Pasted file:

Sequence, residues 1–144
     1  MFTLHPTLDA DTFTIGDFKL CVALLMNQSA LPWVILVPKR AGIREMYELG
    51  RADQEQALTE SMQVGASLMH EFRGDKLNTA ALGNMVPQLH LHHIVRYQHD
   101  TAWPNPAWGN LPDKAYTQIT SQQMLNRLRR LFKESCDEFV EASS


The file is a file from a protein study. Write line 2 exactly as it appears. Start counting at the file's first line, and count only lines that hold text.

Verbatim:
     1  MFTLHPTLDA DTFTIGDFKL CVALLMNQSA LPWVILVPKR AGIREMYELG